A panoramic view of the courtyard of the Blue Mosque, in Istanbul, Turkey. Photo/Courtesy of Mohammed Moussa, Wikimedia Commons

Sacred places on my bucket list

By  Melanie Lamarca, Youth Speak News
  • June 10, 2016

With summer fast approaching, students everywhere are itching for the end of the school year, and for many, it’s because there is a much-anticipated family vacation awaiting them. 

For me, travel is always certain to bring one thing: perspective. Whether that’s a newfound perspective on a country, a culture or even yourself, the benefits of travel are endless. What better way to gain that perspective than by visiting some of the world’s most sacred destinations?

One of the most famous Roman Catholic churches is St. Peter’s Basilica in Vatican City. Having been given the opportunity to see the Vatican, I can honestly say the experience was unparalleled. The white of the walls and columns are pristine, almost blinding. It’s truly a place that humbles you in its size and reverence, the way in which religion humbles the soul. 

Another sacred destination for Christians, Jews and Muslims is Mount Sinai in Egypt. It was on Mount Sinai that God revealed the Ten Commandments to Moses.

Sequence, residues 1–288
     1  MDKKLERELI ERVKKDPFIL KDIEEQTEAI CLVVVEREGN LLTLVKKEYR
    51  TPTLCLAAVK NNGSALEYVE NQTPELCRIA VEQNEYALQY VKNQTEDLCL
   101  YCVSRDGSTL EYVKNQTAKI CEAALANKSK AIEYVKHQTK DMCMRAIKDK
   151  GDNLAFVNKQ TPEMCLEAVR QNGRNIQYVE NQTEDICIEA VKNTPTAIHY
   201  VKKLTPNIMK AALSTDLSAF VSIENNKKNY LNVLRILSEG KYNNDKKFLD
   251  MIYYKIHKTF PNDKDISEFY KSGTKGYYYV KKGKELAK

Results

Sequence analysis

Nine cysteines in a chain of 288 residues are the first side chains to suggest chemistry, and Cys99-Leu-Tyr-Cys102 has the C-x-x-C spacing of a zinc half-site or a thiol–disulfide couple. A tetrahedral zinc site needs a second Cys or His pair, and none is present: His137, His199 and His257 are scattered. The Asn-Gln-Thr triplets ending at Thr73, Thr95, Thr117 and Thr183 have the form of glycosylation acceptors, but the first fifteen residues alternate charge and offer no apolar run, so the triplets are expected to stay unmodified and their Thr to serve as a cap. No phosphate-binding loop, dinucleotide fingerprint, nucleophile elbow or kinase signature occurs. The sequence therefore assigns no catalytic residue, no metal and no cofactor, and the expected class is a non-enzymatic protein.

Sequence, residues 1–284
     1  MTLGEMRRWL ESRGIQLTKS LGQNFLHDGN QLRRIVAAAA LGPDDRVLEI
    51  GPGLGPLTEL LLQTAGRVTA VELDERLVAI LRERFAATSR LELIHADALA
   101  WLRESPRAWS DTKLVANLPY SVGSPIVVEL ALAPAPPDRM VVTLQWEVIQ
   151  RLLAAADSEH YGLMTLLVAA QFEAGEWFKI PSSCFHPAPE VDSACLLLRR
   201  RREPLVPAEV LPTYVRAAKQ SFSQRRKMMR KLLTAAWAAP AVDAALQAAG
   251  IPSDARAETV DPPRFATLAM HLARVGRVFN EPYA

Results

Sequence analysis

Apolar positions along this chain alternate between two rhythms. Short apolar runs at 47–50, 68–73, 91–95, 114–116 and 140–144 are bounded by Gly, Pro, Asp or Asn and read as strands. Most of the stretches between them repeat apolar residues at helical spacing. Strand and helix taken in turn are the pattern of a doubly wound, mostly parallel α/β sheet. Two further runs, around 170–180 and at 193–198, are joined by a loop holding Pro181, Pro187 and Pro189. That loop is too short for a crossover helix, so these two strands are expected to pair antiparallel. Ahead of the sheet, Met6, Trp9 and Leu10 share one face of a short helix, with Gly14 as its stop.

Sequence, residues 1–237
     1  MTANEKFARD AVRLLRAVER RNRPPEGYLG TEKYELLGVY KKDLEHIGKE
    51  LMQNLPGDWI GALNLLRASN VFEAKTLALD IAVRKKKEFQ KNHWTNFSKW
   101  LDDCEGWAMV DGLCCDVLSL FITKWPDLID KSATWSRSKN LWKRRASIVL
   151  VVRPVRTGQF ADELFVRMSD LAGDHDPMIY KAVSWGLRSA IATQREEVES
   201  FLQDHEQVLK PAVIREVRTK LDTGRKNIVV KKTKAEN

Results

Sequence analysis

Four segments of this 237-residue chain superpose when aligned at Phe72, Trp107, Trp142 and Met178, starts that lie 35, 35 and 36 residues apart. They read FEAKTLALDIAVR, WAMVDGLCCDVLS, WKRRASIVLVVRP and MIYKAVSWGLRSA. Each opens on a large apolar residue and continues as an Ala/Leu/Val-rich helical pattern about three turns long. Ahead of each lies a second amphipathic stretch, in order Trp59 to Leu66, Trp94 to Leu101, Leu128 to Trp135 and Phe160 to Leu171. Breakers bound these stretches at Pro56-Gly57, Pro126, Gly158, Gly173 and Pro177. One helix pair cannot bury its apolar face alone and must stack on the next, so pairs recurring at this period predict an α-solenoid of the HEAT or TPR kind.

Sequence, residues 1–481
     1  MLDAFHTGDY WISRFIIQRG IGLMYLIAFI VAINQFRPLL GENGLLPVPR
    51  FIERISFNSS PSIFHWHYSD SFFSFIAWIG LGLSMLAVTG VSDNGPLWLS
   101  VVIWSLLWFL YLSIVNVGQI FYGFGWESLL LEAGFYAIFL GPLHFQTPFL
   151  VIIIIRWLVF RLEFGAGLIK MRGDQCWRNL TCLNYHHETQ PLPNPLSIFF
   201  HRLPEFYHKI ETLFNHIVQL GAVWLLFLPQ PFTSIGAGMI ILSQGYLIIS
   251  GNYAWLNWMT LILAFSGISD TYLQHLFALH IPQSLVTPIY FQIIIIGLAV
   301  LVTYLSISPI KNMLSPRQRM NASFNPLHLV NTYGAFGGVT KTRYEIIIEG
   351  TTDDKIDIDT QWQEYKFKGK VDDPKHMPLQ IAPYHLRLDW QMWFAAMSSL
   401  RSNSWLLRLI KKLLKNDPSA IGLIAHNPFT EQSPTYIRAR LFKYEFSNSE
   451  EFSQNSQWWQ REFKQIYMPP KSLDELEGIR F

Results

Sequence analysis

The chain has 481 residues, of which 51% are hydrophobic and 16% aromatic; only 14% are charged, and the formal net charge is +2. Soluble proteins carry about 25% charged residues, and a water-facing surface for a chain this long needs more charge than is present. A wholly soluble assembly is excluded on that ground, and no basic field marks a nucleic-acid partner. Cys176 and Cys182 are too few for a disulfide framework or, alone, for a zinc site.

At the foot of Mount Sinai is St. Catherine’s Monastery, one of the oldest Christian monasteries in the world. I think the view from the peak of Mount Sinai truly quiets the soul due to the gravity of the mountain’s past and the vastness of the landscape. I haven’t been there, but I feel like this destination is somewhere that makes you feel small, in a humbling way, reminding you of God’s might. 

There are many sacred places on my bucket list that I would love to travel to, not all of them Christian. 

Tokyo’s most famous Buddhist shrine is the Meiji shrine, dedicated to the souls of Japan’s Emperor Meiji and Empress Shoken. Before entering the gate to the shrine, all must bow. And upon entering the main shrine, visitors remove their shoes. In the Buddhist religion, respect for the spirits of the gods is shown through the visitor’s mannerisms. 

In Islamic history, mosques were always the centre of a community or town. One of the most famous mosques is the Sultanahmet Mosque (Blue Mosque) in Turkey. It was built by the Ottoman Sultan Ahmed I in the early 17th century, but is well preserved to this day and frequently visited by Muslims earnestly practising their faith.

While each religion may have its own individual and distinct structures of worship, a common thread which binds all religions is the respect and solemnity given to their sacred grounds. 

The interconnectedness of all humanity teaches you to empathize with your brothers and sisters, even if we live an ocean apart. All religions preach the importance of love, and through travel you’ll find an appreciation for life, as the world humbles you in its grandness, vastness and inexplicable wonder. 

(Lamarca, 17, is a Grade 12 student at St. John Paul II Secondary School in Toronto.)

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